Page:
Volume 2: Spring 2010
At first glance, he might seem a bit intimidating. Adorned in a crisp uniform with a Greeley Police patch stitched on both arms, he stands with the posture of a military man. His eyes are friendly, contrasting with his assertive appearance. It’s obvious that his whole world is invested in the Greeley Police Department, and that’s OK with him.
Chief of Police Jerry Garner is more than just a supervisor at a local law enforcement agency; he is a human resources director, a media relations representative, a risk manager and a self-proclaimed ham.
On this frosty Wednesday afternoon, Garner has returned to his office after meeting with a reporter from The Denver Post. This task is not atypical, yet each day on the job is a little bit spontaneous for Garner. Some mornings, he opens his day by reviewing e-mails and voicemails, meeting with the staff to discuss personnel issues and new laws’ effects on the department, or attending meetings with everyone from city managers to residents. He might be discussing an operational crisis with one of his nearly 260 employees. For some, this may seem like a heavy load to carry. But Garner says he considers the best part of his job to be the people.
“My favorite part of the job is the nice people you get to meet, both inside the organization and outside in the community,” Garner said. “If you’re a ham, like I am, and like talking to people, this is the place to do it, because one thing a police chief has to do is to talk to people.”
Garner is the unofficial spokesperson for the department. While the Greeley Police Department does employ a public information officer, Garner says there are just some things he has to do. Those tasks include discussing budget issues, maintaining relations with other law enforcement agencies or discussing crime issues with the district attorney. Meeting with people and personnel encompasses all areas of Garner’s job.
“Basically, chiefs are heads of bureaucracies and must provide leadership for their organization and inspire confidence in the public they serve,” said Mary West-Smith, University of Northern Colorado assistant professor of criminal justice.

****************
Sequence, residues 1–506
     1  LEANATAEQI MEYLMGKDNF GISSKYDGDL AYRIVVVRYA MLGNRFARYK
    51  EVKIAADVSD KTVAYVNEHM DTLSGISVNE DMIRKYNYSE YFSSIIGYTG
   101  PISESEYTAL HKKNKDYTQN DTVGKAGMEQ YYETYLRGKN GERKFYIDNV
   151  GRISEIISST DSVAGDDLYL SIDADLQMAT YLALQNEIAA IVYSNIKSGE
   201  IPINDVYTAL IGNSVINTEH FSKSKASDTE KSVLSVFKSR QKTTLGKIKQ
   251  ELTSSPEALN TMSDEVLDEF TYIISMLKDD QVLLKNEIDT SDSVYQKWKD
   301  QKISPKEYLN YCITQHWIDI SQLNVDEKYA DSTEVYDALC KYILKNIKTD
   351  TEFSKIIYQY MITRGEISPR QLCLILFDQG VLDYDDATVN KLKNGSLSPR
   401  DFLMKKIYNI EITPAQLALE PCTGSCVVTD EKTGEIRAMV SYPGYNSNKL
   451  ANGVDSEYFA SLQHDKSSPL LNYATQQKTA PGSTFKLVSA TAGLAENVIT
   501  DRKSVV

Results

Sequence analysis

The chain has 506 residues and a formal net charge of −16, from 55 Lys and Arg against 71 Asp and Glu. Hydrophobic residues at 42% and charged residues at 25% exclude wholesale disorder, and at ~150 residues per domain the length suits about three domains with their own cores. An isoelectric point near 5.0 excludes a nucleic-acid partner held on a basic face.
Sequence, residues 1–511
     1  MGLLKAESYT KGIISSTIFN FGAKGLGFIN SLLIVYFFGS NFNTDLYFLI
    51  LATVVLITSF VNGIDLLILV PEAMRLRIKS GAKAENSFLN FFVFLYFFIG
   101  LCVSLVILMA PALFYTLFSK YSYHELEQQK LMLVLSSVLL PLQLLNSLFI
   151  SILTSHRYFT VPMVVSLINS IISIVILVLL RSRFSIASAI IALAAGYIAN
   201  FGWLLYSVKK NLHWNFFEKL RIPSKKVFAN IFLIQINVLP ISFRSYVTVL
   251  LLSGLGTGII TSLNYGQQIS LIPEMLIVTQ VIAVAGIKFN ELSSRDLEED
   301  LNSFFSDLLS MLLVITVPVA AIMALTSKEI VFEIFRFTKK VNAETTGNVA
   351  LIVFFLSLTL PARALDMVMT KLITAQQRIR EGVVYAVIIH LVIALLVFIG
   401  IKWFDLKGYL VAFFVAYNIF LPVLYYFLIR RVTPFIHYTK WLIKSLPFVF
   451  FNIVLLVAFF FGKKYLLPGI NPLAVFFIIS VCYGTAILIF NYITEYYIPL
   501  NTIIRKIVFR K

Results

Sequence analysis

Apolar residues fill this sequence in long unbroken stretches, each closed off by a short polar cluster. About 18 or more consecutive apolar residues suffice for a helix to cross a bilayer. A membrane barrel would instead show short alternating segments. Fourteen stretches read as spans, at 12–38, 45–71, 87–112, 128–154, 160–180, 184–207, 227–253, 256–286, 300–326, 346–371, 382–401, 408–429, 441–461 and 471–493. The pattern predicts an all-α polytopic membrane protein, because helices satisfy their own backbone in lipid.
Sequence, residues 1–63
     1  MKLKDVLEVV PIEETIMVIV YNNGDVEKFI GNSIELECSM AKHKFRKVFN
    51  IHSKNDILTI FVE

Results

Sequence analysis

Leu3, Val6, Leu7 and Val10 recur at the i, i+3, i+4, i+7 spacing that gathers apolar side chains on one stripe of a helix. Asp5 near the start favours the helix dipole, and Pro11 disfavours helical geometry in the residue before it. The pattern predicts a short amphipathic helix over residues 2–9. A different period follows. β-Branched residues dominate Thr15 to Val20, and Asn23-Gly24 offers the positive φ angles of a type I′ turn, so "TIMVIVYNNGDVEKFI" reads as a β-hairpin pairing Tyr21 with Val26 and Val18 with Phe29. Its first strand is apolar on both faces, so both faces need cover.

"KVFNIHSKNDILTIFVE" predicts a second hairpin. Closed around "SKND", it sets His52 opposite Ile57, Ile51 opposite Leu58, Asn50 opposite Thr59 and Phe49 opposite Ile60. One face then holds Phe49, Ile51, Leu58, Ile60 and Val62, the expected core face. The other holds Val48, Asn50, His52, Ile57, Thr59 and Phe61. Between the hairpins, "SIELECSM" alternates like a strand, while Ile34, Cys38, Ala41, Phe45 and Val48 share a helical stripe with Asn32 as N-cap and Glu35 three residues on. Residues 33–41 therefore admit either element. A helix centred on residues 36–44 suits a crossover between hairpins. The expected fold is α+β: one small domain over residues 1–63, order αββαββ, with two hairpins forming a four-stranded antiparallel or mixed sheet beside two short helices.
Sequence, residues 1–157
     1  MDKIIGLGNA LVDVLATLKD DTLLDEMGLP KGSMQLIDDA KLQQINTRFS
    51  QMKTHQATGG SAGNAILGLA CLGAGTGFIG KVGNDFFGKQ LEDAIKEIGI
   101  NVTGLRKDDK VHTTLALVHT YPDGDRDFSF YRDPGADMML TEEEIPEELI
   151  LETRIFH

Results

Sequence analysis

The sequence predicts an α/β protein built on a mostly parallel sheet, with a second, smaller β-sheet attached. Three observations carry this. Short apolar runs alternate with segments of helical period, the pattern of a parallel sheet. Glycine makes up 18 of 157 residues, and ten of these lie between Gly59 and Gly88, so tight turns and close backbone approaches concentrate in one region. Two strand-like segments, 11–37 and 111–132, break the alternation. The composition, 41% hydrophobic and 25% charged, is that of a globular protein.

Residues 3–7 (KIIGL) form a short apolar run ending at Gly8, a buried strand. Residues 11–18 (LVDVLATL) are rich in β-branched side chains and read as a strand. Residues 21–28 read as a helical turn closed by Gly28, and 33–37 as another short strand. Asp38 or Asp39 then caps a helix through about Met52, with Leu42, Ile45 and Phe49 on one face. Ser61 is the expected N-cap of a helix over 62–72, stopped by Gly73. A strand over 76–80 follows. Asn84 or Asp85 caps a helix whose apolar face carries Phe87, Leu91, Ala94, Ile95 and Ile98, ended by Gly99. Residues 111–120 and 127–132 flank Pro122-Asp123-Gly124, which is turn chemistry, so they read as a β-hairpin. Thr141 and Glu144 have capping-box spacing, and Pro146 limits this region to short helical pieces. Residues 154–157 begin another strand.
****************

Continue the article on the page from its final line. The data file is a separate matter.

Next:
Not only does the chief provide leadership, he also sets norms for how the department should run.
“The chief sets standards, both professionally and morally,” said Joe Tymkowych, public information officer for the Greeley Police Department. “He ensures that they are instituted.”
Garner makes it clear that this isn’t a conventional job. Several days a week, he performs tasks that run outside of a classic workday or even classic work duties. Every Tuesday evening, Garner attends City Council meetings. Tonight, Garner will sit in on a neighborhood association meeting. Being well-informed on the city is a key task of the chief of police. Additionally, so is showing care for a member of his team, even if it’s during the dazzle of the midnight moon.
|Chief's rap sheet|
• Garner became the chief of police for the Greeley Police Department on Jan. 30, 2006.
• He has been in police work for just over 40 years.
• He has worked at six law enforcement organizations and has been a policeman in three states: Texas, Kansas and Colorado.
• Garner was employed with the Lakewood Police Department for 30 years.
• Garner’s Mission Statement for the Greeley Police Department: To improve and protect the quality of life of the people of Greeley.
• The Greeley Police Department serves more than 93,000 people in the community.
“I may get called in the middle of the night because one of my officers has gotten hurt,” Garner said. “One of the people things you do is to go check on him. I’m not a doctor, I didn’t help him any by going. You care about your folks. It’s not an eight-to-five job. It’s whenever they need you. ”
Garner developed an interest in police work while working on his journalism degree from Angelo State University in San Angelo, Texas, as he worked as a police reporter. In 1969, Garner made the decision to turn his interest in criminal justice into a career. He pursued a master’s degree in administration of justice at Webster University in the 1970s.
“When I was working as a police reporter, I was really interested in what cops do,” Garner said. “As chief, you need to get the background of doing the job at the level of a rookie police officer, right up through sergeant and lieutenant. You learn a little bit from every one of them. I just thought it looked interesting. And it still is.”
Despite all the struggles with people, department goals and new laws, Garner wouldn’t trade his job for anything in the world.
“There is a Mel Brooks quote in a movie where he says, ‘It’s good to be king,’” Garner said. “Well, it’s good to be police chief. For all the bad days and the bad moments, I still think the good days and the good moments win. You get to feel like you are doing something important. ”